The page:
Therapeutic Garden Grants Applications Open
National Garden Bureau, American Meadows and Sakata Seed America are working together to provide $5,000 in grant money for three well-deserving therapeutic gardens in North America.
A therapeutic garden is a plant-dominated environment purposefully designed to facilitate interaction with the healing elements of nature. There are many sub-types of therapeutic gardens, including healing gardens, enabling gardens, rehabilitation gardens and restorative gardens.
In addition to the grant money, Corona Tools will provide a generous set of quality gardening tools to each of the three winning therapeutic gardens.
Applications are now being accepted from therapeutic gardens that meet this criteria:
- Have a defined therapeutic program, with a registered horticulture therapist on-staff or serving as an advisor, that uses the garden to achieve outlined goals for participants. Examples include horticultural therapy, occupational, physical, vocational or rehabilitation therapy in a garden setting, or using gardening to promote positive social relationships within a community.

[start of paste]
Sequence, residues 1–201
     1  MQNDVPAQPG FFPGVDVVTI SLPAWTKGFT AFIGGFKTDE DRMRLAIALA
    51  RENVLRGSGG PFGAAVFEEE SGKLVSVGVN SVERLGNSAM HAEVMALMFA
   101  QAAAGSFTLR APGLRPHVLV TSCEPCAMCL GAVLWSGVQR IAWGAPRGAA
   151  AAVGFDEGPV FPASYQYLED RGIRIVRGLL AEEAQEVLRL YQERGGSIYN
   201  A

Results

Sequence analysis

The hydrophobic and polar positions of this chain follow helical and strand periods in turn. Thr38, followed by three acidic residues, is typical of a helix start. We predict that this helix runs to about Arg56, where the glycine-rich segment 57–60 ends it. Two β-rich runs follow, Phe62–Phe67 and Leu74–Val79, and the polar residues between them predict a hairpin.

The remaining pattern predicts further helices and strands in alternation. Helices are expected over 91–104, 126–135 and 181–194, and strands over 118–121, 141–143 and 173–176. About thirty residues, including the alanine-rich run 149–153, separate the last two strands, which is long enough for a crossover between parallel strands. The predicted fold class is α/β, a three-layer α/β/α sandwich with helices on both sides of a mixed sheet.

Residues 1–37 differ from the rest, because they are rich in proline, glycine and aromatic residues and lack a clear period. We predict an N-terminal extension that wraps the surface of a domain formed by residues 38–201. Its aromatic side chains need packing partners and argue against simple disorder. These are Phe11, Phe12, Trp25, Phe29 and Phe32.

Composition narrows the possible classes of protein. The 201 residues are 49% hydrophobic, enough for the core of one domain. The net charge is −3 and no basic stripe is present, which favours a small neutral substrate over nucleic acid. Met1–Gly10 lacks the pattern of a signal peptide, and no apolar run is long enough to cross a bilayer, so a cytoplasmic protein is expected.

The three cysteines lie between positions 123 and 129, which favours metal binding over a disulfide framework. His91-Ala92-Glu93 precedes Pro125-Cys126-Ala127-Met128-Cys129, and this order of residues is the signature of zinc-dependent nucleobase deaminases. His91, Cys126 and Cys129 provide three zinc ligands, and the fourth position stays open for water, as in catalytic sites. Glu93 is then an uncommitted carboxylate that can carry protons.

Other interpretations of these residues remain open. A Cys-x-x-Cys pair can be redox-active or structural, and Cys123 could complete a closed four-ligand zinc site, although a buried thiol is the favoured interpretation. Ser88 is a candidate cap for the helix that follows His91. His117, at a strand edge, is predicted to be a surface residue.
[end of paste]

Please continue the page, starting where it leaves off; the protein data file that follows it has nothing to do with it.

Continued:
- Offer a gardening experience where there is significant people and plant interaction for the population served.
- Is used for job training, skill building, food growing, socialization skills, improved quality of life, stress reduction, environmental education or any other positive outcome that can be gained by working in nature.
- Involve a significant number of gardeners, clients, patients, visitors or students on a monthly basis.
To apply, applicants who meet this criteria should complete this application form and submit it to the NGB office by July 1, 2019. A group of horticulture therapy experts will narrow down applications to three finalists in mid-July.
The three finalists will then be asked to submit a one-minute video that will be posted on www.ngb.org. Voting will be open from Sept. 9-23, 2019. The top vote-getter will receive $3,000, second and third place will receive $1,000 each.
For more information about this project or National Garden Bureau, visit: www.ngb.org.